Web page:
Michael C. ‘Mickey’ Moran: No, no, no, judge! You don’t understand; she don’t understand, either. Oh, she don’t mean no harm to us, but… we’re not her kind of people – or yours, either. We belong in show business. We gotta start young so we can get some steel in our backbone. Well, gee, we’re developing. You couldn’t teach us a trade: we’ve GOT one. And you couldn’t do without it… Oh, we’re only kids now, but someday we’re gonna be the guys that make ya laugh and cry and think that there’s a little stardust left on life’s dirty old pan. Oh, she don’t understand: she’d put butterflies to work makin’ rubber tires!

I love both movie musicals and Judy Garland but I couldn’t get very enthusiastic about this movie.

Mickey Moran (Mickey Rooney) and Patsy Barton (Judy Garland) have grown up on the road with their vaudevillian parents  Vaudeville has died and Mickey’s father (Charles Winninger) organizes a troupe to play in small towns.  A busy body (Margaret Hamilton) wants to send all the teenage children to a work camp.  Seeking to rescue his father, Mickey gets all his pals together to put on a show.  With Guy Kibbee as a judge.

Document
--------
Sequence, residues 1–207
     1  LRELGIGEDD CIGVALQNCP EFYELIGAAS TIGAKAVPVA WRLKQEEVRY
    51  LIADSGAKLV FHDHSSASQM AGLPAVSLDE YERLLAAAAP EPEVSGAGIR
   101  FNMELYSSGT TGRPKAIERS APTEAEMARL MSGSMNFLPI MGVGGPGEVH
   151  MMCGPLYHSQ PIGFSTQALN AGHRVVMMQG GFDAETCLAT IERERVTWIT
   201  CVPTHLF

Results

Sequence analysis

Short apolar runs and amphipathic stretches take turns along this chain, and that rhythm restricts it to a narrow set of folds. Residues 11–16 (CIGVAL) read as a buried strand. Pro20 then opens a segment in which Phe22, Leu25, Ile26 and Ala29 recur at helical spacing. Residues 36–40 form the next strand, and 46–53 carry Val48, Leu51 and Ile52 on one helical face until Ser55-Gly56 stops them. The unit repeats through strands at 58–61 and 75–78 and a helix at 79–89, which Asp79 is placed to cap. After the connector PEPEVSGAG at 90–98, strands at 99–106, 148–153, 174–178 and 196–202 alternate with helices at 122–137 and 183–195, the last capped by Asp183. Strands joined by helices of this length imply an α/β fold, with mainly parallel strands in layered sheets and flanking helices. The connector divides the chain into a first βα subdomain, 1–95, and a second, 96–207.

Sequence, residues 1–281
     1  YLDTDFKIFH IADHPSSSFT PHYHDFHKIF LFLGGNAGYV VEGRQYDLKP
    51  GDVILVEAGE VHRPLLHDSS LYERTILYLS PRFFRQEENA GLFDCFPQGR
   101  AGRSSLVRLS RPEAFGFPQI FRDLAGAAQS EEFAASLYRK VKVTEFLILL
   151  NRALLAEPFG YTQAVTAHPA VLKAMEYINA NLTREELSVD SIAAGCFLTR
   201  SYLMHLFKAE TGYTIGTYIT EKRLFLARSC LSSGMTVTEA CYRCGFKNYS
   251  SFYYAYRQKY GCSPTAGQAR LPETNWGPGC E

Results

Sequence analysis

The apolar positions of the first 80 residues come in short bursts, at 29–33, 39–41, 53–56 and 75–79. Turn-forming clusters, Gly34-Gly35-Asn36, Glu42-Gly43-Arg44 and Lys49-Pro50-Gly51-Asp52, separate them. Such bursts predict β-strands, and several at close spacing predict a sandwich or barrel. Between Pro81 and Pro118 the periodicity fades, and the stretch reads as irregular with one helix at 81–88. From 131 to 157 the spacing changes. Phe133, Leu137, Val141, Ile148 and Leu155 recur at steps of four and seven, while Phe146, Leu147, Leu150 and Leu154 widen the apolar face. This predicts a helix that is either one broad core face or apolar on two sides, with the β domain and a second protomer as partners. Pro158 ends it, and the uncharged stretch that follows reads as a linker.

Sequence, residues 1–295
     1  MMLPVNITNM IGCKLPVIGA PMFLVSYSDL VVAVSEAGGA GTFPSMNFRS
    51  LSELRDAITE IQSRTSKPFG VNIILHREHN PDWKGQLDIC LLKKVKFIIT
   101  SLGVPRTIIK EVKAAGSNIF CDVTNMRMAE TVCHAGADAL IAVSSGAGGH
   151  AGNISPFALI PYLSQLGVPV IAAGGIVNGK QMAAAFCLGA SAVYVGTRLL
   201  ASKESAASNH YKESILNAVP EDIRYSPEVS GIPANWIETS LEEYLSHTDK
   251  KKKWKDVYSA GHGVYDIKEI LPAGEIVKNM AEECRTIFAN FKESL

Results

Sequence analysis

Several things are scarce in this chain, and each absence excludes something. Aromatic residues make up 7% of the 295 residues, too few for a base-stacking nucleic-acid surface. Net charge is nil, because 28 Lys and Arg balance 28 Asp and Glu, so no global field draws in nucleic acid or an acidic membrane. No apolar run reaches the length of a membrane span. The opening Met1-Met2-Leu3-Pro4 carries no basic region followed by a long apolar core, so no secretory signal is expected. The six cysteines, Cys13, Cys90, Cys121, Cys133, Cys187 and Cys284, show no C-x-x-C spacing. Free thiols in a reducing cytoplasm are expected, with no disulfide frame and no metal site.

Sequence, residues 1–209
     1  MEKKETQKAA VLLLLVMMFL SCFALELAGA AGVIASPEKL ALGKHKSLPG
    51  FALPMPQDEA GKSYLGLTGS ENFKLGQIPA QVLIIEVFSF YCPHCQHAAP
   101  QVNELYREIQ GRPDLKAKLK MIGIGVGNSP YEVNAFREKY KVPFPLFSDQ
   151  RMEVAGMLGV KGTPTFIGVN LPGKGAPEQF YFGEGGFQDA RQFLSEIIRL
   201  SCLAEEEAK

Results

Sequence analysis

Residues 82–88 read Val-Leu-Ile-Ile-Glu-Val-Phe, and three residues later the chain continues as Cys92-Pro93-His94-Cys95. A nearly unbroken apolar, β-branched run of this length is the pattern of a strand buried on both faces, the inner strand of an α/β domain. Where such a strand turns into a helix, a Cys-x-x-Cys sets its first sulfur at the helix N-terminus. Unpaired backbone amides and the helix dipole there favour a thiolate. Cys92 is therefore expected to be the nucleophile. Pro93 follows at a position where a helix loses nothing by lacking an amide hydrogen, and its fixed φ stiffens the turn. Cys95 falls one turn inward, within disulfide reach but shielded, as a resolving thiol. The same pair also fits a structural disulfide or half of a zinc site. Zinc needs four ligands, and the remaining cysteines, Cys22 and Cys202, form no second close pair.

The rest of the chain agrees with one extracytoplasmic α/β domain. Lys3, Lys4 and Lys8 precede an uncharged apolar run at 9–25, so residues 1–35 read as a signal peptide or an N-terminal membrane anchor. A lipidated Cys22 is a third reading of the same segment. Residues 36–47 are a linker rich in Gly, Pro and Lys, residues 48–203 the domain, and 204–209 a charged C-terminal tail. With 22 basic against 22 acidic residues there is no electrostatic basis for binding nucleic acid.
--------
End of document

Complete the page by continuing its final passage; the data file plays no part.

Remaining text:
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This is fine but aside from the standard “Where or When” (unfortunately not sung by Garland) and the “Good Morning” duet with Rooney and Garland the music is not memorable.  It contains every cliché of the “let’s put on a show” genre, though to be fair a lot of these clichés either originated or were perfected here. Mickey Rooney’s impersonations get kind of old.